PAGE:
Locally found in the Brecks.
First recognised in Britain in 2005 by Colin Hart, who reared larvae found on flowerheads of Small Scabious from the Brecks. Earlier specimens taken in Norfolk were later determined to be this species.
Separated from Stenoptilia bipunctidactyla in 1988 in a German journal (Sutter, R., 1988.) Adult moths are virtually impossible to separate from bipunctidactyla apart from the female genitalia which are quite distinct.
The only larval foodplant recorded is Scabiosa columbaria. Final instar larvae are generally green, although they may have a red dorsal line, but not bordered by the yellow/green subdorsal lines of Stenoptilia bipunctidactyla larvae.
"In the spring the larvae mine the central rosette of small scabious plants. This causes the central two or three leaves to wilt and turn slightly greyish, (see ‘feeding damage’ picture). Find the wilted leaves and gently pull, they should come away easily revealing the head of the larva underneath. This is the easiest way to find larvae. In the last instar they feed externally and become much hairier and are much harder to find." - Colin Hart.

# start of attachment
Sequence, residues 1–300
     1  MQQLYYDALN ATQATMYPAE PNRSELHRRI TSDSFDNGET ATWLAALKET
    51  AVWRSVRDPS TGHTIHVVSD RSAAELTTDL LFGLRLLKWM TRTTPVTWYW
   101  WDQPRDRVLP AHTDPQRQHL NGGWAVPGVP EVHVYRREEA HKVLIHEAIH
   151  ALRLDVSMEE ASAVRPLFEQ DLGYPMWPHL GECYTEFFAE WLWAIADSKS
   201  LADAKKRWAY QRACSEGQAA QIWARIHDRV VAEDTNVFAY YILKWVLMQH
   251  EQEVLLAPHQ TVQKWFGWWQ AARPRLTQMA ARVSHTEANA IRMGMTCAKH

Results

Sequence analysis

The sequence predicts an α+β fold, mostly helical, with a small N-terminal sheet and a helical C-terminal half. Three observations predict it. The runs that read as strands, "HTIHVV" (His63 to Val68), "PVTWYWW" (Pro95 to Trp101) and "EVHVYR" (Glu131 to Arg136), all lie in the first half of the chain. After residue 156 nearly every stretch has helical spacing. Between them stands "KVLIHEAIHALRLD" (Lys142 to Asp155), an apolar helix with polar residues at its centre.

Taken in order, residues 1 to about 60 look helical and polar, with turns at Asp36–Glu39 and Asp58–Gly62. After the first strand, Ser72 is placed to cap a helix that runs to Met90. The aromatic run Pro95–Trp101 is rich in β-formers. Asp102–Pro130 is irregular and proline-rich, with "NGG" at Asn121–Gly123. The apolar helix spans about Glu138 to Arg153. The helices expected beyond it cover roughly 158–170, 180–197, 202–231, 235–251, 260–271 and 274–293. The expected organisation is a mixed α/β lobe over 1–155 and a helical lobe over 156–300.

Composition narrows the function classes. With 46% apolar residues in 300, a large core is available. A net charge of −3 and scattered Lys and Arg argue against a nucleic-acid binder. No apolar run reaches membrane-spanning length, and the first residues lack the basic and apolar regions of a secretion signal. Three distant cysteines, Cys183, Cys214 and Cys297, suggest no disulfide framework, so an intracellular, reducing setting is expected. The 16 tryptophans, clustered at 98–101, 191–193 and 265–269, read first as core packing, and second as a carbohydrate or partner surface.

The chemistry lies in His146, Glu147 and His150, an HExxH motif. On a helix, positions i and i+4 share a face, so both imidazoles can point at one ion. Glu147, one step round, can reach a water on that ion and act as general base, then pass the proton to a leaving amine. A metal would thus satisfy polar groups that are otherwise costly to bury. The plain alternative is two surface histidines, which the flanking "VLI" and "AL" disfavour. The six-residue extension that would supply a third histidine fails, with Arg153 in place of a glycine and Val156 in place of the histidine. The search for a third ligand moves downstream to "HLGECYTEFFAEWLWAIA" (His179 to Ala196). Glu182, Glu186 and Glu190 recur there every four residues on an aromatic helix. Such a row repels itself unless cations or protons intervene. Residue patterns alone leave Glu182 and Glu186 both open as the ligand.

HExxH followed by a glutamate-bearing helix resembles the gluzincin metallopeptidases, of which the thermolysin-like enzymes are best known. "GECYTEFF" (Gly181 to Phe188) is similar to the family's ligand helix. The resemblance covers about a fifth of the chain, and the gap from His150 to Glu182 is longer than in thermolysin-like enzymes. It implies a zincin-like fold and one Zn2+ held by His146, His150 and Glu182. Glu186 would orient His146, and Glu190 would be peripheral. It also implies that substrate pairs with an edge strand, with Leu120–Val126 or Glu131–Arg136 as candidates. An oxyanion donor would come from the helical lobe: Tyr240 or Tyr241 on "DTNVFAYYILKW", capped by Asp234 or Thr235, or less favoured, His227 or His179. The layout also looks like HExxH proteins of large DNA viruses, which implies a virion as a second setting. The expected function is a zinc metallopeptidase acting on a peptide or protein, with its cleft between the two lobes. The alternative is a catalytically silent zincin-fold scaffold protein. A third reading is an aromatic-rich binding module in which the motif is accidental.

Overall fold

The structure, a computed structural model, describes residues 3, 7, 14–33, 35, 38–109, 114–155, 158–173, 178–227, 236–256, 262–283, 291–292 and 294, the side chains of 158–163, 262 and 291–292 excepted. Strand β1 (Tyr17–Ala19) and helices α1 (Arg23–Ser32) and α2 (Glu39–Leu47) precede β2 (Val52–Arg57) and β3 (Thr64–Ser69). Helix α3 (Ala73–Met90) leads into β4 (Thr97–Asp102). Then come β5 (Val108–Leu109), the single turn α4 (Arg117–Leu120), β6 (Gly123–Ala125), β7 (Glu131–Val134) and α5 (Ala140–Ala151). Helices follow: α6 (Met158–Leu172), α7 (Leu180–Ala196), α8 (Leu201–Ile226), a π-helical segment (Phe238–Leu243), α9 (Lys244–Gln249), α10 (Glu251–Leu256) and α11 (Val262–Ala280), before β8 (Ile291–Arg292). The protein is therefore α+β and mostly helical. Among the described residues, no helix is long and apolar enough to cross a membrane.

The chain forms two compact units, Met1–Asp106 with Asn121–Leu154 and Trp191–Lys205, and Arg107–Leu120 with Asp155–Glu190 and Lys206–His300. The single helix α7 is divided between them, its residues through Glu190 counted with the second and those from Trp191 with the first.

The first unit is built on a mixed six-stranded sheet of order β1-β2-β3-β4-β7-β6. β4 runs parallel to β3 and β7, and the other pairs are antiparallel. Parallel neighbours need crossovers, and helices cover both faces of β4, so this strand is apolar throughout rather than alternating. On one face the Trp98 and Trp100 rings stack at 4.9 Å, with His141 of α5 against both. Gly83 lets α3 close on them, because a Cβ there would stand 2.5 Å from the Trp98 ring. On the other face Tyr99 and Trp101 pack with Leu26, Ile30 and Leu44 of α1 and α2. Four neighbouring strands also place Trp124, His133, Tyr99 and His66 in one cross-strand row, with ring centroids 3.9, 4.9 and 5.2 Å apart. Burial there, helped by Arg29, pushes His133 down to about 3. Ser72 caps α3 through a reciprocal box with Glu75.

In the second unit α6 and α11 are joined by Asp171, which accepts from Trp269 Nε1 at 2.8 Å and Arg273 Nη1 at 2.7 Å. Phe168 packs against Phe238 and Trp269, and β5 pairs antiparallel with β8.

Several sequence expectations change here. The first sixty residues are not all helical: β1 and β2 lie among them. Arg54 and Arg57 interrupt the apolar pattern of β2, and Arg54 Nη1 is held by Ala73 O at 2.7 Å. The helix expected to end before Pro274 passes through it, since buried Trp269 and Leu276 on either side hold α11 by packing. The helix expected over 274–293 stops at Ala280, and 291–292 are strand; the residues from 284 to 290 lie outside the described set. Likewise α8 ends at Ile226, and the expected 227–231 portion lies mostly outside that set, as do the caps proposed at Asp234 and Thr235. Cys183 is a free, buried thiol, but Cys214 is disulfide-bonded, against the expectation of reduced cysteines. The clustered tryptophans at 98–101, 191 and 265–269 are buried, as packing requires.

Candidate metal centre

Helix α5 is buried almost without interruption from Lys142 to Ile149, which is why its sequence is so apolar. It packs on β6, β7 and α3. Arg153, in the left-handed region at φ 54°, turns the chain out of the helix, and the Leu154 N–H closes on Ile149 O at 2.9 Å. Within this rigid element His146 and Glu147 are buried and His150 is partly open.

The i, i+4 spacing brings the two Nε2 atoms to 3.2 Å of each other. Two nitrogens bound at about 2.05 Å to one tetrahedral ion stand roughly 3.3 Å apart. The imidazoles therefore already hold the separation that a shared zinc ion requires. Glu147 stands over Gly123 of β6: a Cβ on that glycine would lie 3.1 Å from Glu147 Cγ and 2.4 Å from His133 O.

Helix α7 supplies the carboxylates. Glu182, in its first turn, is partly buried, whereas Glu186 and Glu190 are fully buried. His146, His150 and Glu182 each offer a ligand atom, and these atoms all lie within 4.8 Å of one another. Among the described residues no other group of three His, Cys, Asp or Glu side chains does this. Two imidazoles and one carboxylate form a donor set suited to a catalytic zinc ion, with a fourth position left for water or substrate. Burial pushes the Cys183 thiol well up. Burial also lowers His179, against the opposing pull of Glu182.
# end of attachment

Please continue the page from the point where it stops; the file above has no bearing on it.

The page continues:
Conformation of any adult specimen requires dissection.
Verification Grade Comment: Breckland only
|Determination by Genitalia Examination (gen. det.) Required|
Recorded in 2 (3%) of 74 10k Squares.
First Recorded in 1988.
Last Recorded in 2017.